Norman Jewson

Norman Jewson

Architect
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Norman Jewson

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Norman Jewson (12 February 1884 – 28 August 1975) was an English architect-craftsman of the Arts and Crafts movement, who practiced in the Cotswolds. He was a distinguished, younger member of the group which had settled in Sapperton, Gloucestershire, a feudal village in rural southwest England, under the influence of Ernest Gimson. Surviving into old age, he brought their ideas and working methods into the late twentieth century. His book of reminiscences has become established as a minor classic of the English Arts and Crafts movement. His repair of the Tudor Owlpen Manor in 1925–26 is often regarded as his most representative and successful work.

Early career

Jewson was born in 1884 of a family of the long-established Jewson timber merchants in Norwich, Norfolk, and spent all his early life in East Anglia. He went up to Gonville and Caius College, Cambridge.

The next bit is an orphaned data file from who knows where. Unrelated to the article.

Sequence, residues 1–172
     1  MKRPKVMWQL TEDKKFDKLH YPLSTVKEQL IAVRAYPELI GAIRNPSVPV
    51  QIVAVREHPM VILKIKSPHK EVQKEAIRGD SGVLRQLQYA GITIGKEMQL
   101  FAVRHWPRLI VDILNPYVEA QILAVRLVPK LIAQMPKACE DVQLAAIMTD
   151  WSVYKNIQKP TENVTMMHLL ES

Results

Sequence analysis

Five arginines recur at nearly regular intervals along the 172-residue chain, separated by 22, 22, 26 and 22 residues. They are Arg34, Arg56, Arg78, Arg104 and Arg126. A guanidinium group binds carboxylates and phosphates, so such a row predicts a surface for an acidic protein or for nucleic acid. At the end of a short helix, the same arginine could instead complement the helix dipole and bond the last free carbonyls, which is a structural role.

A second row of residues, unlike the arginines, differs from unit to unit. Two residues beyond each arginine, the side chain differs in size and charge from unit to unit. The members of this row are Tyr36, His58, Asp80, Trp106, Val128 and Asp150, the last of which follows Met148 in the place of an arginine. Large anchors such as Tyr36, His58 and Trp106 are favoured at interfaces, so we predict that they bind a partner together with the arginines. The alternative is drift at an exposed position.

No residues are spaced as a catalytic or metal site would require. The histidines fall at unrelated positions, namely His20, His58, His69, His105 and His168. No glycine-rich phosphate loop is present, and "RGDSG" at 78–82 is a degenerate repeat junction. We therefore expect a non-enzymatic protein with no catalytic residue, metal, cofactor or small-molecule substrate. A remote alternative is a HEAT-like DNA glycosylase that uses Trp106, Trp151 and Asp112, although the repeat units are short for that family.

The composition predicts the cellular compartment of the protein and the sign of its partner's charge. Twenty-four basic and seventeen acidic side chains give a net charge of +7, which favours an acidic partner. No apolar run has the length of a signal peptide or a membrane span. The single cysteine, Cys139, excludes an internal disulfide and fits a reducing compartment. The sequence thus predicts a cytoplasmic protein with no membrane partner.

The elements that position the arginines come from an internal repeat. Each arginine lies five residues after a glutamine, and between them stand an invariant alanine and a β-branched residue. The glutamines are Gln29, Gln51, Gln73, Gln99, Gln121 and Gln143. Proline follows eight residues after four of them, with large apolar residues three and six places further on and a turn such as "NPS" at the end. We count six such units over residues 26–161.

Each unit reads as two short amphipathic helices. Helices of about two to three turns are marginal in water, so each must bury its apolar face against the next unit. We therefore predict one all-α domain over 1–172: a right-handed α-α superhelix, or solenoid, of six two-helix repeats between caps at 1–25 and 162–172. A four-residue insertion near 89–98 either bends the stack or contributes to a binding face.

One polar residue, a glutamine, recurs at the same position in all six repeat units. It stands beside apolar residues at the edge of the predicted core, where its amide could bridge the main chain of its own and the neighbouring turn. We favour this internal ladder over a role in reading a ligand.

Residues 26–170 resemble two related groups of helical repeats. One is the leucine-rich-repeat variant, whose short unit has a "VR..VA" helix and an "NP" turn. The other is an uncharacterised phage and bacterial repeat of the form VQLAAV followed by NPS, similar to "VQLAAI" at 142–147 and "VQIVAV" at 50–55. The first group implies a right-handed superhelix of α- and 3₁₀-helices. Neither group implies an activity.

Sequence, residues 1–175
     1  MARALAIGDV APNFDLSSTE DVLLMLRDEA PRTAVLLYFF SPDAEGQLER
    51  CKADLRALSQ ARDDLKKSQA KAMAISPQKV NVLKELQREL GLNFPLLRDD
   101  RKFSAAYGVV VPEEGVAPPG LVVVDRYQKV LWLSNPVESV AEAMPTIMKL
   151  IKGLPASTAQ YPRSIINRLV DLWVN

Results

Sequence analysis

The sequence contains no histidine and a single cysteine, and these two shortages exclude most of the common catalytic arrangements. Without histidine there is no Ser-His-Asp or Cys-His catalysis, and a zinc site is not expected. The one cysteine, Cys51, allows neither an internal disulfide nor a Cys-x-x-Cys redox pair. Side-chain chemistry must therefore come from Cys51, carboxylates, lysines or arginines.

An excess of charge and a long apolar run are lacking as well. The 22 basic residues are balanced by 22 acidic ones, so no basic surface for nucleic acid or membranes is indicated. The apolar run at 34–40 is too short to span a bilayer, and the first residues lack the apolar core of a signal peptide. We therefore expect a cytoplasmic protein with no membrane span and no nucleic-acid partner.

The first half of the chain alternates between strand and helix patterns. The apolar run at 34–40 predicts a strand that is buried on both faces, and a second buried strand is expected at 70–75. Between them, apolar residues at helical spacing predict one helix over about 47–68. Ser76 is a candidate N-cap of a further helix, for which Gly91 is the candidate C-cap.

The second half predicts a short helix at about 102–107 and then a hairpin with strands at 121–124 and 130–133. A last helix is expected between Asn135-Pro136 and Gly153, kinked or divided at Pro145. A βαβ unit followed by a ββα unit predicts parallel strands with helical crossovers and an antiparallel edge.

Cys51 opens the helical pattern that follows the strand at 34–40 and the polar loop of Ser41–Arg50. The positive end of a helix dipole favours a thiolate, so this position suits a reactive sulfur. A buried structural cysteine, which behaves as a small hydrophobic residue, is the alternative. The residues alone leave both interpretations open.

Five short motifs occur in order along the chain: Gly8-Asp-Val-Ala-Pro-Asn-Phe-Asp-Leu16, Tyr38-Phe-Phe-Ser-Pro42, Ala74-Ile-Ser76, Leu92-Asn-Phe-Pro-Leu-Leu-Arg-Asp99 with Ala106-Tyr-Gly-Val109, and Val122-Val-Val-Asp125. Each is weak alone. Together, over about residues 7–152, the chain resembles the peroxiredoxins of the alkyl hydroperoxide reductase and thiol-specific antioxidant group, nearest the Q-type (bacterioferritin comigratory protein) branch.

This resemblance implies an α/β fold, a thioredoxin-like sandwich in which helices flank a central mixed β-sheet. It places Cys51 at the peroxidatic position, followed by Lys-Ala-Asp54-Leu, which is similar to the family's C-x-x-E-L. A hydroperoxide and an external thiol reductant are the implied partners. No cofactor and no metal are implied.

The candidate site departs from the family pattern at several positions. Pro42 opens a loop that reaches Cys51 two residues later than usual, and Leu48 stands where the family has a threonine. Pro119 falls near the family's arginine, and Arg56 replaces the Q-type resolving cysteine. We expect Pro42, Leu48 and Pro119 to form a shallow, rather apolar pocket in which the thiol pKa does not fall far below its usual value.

He served his articles in the architectural practice of Herbert Ibberson in London, which he ‘disliked as a place to live in permanently the longer stayed there’. Ibberson had worked in the same office as Gimson, Ernest Barnsley and Alfred Hoare Powell under J.D. Sedding, in the ‘crafted Gothic’ tradition, with a love of handicraft. Like William Morris, Philip Webb and Norman Shaw, Sedding had been a pupil of George Edmund Street.

Jewson describes, in his autobiographical reminiscences, By Chance I did Rove (1951), how, having finished his apprenticeship in 1907, he set out with a donkey and trap on a...
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